- (‘allowed_value1’, ‘allowed_value2’, ‘allowed_value3’)
- (SELECT col1 FROM table2 GROUP BY col1 HAVING count(*)>2)
But here's the catch: if you decide to use a subquery, it needs to return a list of values for the specific column you're filtering on. For instance, if you're filtering based on col1, the subquery should only return col1 values.
EXISTS and NOT EXISTS
Let's discuss another SQL function that enables us to filter data based on the results from another table, which is called EXISTS and NOT EXISTS. But before we delve into some examples, let's first understand the difference between IN/NOT IN and EXISTS/NOT EXISTS, as they can be easily mixed up.
Let me explain it to you in simple terms - both IN/NOT IN and EXISTS/NOT EXISTS are used in the WHERE clause, but their functionalities are different. IN and NOT IN filter rows by checking if a particular value is present or not, while EXISTS and NOT EXISTS filter based on the existence of rows in a subquery. So, keep this difference in mind while working with these functions.
Let's move on and explore the EXISTS and NOT EXISTS functions with this question from Meta.
Interview Question Date: December 2021
You are given the list of Facebook friends and the list of Facebook pages that users follow. Your task is to create a new recommendation system for Facebook. For each Facebook user, find pages that this user doesn't follow but at least one of their friends does. Output the user ID and the ID of the page that should be recommended to this user.
Link to the question: https://platform.stratascratch.com/coding/2081-recommendation-system
Discovery is the aim of recommendation systems, so the pages recommended should be new. In other words, we should only return pages once (i.e., not duplicated), and these should be pages that the user does not yet follow.
First, we need to join the user_friends table to the user_pages table to identify the pages that their friends follow.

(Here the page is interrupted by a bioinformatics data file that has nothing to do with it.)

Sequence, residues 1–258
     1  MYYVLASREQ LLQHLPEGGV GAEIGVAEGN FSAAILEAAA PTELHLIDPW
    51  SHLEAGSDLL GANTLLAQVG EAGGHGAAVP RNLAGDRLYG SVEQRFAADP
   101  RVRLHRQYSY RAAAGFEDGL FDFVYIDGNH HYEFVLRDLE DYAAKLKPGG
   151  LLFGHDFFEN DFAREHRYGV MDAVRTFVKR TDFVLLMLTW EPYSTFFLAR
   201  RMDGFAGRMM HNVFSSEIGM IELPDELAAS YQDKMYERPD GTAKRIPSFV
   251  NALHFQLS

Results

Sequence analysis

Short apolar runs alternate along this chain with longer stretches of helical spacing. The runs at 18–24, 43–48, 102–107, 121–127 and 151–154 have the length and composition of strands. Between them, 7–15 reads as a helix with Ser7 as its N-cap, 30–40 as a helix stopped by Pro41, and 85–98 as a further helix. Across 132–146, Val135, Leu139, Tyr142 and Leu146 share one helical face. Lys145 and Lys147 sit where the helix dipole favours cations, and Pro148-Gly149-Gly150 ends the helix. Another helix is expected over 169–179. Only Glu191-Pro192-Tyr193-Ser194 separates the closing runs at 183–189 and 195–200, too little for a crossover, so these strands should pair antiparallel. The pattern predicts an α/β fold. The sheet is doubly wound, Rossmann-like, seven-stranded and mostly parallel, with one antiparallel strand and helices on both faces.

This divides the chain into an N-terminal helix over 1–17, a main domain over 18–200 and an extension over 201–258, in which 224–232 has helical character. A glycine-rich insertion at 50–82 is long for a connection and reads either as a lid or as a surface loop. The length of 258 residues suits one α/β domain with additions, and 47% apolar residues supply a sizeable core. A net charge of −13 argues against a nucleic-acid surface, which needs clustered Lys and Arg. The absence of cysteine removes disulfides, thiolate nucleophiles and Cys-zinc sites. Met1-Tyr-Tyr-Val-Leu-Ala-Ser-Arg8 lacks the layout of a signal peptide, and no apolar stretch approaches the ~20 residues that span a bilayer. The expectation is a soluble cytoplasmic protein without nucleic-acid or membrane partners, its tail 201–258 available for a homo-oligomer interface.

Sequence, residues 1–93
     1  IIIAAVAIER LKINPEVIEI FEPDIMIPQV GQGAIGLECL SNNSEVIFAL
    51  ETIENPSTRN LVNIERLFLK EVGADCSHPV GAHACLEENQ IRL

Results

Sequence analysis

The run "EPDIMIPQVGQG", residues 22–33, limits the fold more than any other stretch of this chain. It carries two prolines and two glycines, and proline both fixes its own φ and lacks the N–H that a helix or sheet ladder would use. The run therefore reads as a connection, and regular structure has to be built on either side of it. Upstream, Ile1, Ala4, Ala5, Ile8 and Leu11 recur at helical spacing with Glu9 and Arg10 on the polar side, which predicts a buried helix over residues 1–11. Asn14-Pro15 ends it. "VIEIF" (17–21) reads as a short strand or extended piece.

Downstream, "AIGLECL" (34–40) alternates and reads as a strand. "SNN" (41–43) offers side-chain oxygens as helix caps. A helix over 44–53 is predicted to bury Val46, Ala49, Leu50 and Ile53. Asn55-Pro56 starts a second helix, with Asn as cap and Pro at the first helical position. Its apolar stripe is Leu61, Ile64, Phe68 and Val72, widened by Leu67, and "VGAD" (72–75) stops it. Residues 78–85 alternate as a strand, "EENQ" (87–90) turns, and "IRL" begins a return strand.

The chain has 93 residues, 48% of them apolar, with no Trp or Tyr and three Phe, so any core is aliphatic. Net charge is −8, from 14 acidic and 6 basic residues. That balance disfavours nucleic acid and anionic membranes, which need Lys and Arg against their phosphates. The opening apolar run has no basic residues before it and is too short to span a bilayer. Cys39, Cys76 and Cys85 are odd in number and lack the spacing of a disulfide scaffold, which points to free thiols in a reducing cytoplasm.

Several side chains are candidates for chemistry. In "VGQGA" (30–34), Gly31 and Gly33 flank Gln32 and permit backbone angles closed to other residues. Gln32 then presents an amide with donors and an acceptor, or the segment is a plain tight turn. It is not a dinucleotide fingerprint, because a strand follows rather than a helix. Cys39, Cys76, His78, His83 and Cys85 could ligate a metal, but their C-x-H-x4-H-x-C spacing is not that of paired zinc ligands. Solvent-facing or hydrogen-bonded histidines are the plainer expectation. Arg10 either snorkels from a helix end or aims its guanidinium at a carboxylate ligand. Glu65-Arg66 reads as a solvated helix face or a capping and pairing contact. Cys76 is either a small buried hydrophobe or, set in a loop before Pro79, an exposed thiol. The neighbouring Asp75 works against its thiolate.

SELECT f.user_id, p.page_id FROM users_friends f JOIN users_pages p ON f.friend_id = p.user_id
But since friends may follow the same pages, we need to return only distinct page recommendations for each user. Easy peasy, we just add the DISTINCT keyword to the SELECT statement.
SELECT DISTINCT f.user_id, p.page_id FROM users_friends f JOIN users_pages p ON f.friend_id = p.user_id
But now comes the real magic - using the NOT EXISTS operator to filter out pages that the user is already following. We create a subquery that checks for matching user_id and page_id combinations in the user_pages table and join it to the outer query. If this subquery returns any row, the user-page combination is removed. Otherwise, it is retained.
SELECT * FROM users_pages pg WHERE pg.user_id = f.user_id AND pg.page_id = p.page_id)
And just like that, we have our solution! Our final query looks like this:
SELECT DISTINCT f.user_id, p.page_id FROM users_friends f JOIN users_pages p ON f.friend_id = p.user_id WHERE NOT EXISTS (SELECT * FROM users_pages pg WHERE pg.user_id = f.user_id AND pg.page_id = p.page_id)
With our tutorial today, you’ll be better equipped to make more complex SQL queries using multiple tables through IN, NOT IN, EXISTS, and NOT EXISTS. In summary, the IN operator is great for when you have a specific list of values to match against, while EXISTS is more useful for complex subquery filtering.
Check out “SQL Interview Questions” to practice more such questions.